Only a small percentage of ISP customers in the U.K. choose to opt into family friendly content filtering with their subscription, according to a study the U.K.’s Office of Communications published yesterday.
This research comes less than a month after the Open Rights Group revealed that ISP filters block one-fifth of websites in the U.K. Although the goal of these filters is to keep pornography away from the eyes of children, many unintended sites have also been caught in the filters.
BT, Sky, TalkTalk, and Virgin Media were the four ISPs examined for this study.
The government had requested that U.K. ISPs roll out filters by December 2013. BT did so in December, while Sky incorporated filters in November. TalkTalk had already been offering filters to subscribers since May 2011. Virgin Media was the last to roll them out, in February 2014.
Only 5 percent of new customers accepted the filter at BT, while 8 percent did so at Sky. About 36 percent of customers signed up for the TalkTalk filter, and 4 percent bought into Virgin Media’s offer.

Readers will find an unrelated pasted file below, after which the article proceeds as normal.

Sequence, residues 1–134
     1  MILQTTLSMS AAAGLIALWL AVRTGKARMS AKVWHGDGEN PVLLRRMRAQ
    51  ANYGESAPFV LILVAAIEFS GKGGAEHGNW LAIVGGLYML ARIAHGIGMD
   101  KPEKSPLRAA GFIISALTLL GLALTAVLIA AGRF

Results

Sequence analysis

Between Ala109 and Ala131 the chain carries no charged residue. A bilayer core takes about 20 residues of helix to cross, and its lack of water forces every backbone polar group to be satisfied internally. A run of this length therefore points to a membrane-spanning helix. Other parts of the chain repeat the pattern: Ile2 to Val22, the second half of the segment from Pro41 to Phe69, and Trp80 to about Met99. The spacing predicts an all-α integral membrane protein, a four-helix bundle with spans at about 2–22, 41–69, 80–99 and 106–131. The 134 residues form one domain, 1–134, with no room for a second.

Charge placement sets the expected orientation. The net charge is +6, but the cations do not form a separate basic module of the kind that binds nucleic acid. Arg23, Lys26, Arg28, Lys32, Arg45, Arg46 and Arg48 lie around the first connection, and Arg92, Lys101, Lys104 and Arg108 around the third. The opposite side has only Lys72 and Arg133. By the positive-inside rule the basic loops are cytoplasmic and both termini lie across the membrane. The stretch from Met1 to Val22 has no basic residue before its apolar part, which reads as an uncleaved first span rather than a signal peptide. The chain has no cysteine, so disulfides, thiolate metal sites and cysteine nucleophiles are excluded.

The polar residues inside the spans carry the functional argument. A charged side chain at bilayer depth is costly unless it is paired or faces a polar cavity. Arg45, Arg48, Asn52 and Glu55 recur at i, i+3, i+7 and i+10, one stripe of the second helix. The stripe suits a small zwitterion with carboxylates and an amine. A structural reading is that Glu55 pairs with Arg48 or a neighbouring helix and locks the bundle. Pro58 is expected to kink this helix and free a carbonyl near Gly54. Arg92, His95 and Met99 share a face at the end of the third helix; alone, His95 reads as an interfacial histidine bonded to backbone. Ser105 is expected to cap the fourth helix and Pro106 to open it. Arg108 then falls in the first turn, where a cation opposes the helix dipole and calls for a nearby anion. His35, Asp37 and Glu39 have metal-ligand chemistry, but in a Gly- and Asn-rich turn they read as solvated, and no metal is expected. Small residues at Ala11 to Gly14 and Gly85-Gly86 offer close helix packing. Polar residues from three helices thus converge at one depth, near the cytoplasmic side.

The filters that the four ISPs offer block out content pertaining to drugs, hacking, file sharing, and pornography. Some ISPs also offer filtering for content that others do not. For example, Virgin Media doesn’t filter out media that addresses dating, while the other three ISPs do.
The ISPs have been working to ensure that all new customers are informed of their filter offerings. The Office of Communications determined that 100 percent of BT, Sky, and TalkTalk customers were immediately prompted by the ISP to choose whether or not to turn on filters. Approximately 35 percent of Virgin Media customers received the same prompt.
The Office of Communications study shows that the filters, with their tendency to weed out good sites along with the bad, are not proving popular.
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